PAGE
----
[torqueusers] Calculating the number of CPUs a job is using
David.Singleton at anu.edu.au
Sun May 25 15:52:18 MDT 2008
A word of warning - cputime and %CPU usage often have no bearing
on "efficiency", particularly "parallel efficiency". A hung MPI
job (or threaded application) can use 100% CPU doing absolutely
nothing. MPI (and threads) libraries can use "spin-waiting" or
"busy-waiting" in blocking calls to get best performance
particularly with "userspace" communication libraries. An
application spending a lot of time busy-waiting will be using a
lot of cputime but wont be very efficient.
Parallel efficiency is usually defined in terms of walltimes of
various size jobs, i.e. its all relative:
From outside the application (eg. just looking at PBS stats) it
can be very difficult to come up with any measure of the efficiency
of a single job.
Paul Millar wrote:
> I'm trying to calculate a mean-efficiency metric for running jobs and have a
> few questions (apologies if they're well-document: I did look, but couldn't
> find the answers).
> To evaluate a job's efficiency, I want to calculate:
> CPU-time / (nCPUs * wallclock-time)
> Where CPU-time is the aggregated total CPU-time for all processes associated
> with the job, wallclock-time is the total time the has been in
> state "Running", and nCPUs is the number CPUs allocated for the job.
> (For "allocated" I mean that, by running the job, those CPUs may not be
> allocated by another job. This is more about how torque does its
> book-keeping rather than how pbs_mom is implemented; whether the job's
> processes are locked to only run on those processors that have been allocated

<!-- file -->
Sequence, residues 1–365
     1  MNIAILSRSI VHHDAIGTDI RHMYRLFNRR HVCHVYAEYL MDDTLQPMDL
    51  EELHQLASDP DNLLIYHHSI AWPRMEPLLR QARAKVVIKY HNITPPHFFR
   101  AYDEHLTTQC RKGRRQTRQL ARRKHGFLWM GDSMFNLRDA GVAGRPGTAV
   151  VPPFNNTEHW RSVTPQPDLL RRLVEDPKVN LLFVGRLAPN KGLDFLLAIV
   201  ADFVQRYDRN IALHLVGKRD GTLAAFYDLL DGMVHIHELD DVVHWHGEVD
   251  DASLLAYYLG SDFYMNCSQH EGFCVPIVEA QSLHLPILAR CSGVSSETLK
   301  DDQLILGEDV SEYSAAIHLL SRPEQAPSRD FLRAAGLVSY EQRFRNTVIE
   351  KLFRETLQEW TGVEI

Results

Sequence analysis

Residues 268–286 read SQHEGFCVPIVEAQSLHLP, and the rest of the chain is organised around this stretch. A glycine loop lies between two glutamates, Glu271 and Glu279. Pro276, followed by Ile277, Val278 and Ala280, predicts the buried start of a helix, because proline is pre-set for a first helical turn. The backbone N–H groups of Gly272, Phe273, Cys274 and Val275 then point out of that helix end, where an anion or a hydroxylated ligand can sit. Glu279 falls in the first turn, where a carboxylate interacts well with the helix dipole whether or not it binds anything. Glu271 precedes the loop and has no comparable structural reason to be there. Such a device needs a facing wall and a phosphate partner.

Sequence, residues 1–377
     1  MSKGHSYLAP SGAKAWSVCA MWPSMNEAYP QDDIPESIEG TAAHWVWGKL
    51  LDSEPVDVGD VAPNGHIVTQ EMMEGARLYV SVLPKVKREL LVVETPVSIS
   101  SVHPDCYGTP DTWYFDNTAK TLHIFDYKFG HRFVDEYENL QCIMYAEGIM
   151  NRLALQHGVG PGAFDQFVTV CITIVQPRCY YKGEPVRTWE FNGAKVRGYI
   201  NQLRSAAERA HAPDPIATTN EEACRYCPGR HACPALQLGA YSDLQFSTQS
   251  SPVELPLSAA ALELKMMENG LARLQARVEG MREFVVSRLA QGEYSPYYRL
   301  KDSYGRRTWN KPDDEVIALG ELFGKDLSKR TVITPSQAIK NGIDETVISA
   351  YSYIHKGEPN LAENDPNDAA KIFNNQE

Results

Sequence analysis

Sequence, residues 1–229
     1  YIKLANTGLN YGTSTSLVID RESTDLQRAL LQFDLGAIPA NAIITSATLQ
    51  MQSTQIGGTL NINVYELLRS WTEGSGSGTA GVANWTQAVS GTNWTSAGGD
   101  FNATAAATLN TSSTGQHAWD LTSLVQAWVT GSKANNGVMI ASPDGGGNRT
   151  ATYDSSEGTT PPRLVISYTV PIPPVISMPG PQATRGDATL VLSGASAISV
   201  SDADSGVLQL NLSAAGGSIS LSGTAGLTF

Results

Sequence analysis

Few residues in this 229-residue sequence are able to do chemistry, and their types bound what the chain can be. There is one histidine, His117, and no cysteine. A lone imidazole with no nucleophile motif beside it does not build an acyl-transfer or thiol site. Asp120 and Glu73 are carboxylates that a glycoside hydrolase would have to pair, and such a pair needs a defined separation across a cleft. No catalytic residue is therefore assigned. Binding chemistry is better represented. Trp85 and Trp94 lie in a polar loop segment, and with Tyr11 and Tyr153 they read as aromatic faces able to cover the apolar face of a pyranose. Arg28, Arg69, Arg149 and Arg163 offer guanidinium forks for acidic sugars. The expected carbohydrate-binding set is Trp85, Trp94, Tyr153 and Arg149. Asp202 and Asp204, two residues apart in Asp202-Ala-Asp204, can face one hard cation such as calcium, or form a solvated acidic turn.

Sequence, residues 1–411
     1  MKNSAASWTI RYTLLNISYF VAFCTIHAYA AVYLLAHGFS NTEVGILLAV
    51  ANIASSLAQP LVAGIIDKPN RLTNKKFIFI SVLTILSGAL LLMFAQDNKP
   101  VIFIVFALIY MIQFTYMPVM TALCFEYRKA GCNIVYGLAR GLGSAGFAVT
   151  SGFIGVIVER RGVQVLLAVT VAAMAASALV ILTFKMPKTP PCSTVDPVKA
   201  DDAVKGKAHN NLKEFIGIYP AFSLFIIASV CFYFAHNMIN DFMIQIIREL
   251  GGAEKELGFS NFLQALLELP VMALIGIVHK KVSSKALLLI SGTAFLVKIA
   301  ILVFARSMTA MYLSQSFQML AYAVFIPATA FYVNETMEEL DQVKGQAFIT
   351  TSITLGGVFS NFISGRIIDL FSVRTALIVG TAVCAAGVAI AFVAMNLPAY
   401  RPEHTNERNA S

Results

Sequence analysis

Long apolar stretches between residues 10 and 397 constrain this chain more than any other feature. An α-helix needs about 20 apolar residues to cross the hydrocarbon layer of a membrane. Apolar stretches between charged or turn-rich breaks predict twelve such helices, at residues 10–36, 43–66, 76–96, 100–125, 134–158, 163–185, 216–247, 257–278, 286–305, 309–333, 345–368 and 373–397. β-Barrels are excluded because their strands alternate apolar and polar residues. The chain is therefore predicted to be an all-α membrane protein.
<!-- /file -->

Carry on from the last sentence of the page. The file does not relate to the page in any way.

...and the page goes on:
> and whether the job actually uses those CPUs are separate questions.)
> Torque keeps track of a job's CPU- and wallclock- time (with the above
> semantics, I believe) but unfortunately it doesn't seem to provide the number
> of processors that have been allocated (nCPUs, above).
> So, I'm trying to understand how to calculate nCPUs from the numbers provided
> by qstat -f.
> I've looked at various sources of information (pbs_resource(7), admin-guide,
> etc). They mostly contain an almost complete picture, but they always seem
> to be missing some part.
> There's three resources that may describe the number of CPUs a job has been
> allocated: nodes, nodect and ncpus.
> nodes (string) describes what the user *wants* for their job. The simplest
> form is an integer (e.g., "5"), which says how many nodes the job should runs
> on. The nodes resource may take a more complex format, where it requests
> variously nodes of different types.
> nodect (integer, read-only) the number of nodes on which the job is running.
> This number is calculated by server and cannot be specified by the user when
> submitting a job.
> ncpus (integer) the default number of CPUs per node requested by the user.
> Only has an affect on those parts of "nodes" resource request that do not
> include an explicit "ppn" statement. If not specified, a value 1 is assumed.
> Some questions:
> Is the description of nodes, nodect and ncpus above right?
> Is nodect resource *always* present in "qstat -f" output for running jobs?
> Is ncpus *only* present if the user explicitly specifies the value (e.g.,
> when submitting the job)?
> A user submits two jobs with "-l nodes=1:ppn=1". If the cluster contains
> only machines with dual processors, will the job always run on two different
> nodes or does torque allow the two jobs to run concurrently on the same node?
> If a user submits two jobs, one with "-l nodes=1,ncpus=2" and the other
> with "-l nodes=1:ppn=2", are the two requests always treated identically?
> Can the system- and queue- configuration result in different behaviour for
> the two jobs?
> A user submits a single job with just "-l nodes=2". Is a value of "ppn=1"
> and "ncpus=1" *always* assumed, or can the system- or queue- configuration
> affect this?
> A user specifies a single job with "-l ncpus=2,nodes=3+5:ppn=7" on a cluster
> containing only 11-CPU nodes. How many CPUs is the job allocated (i.e.,
> won't be assigned concurrently to another job)?
> Sorry for all the questions.
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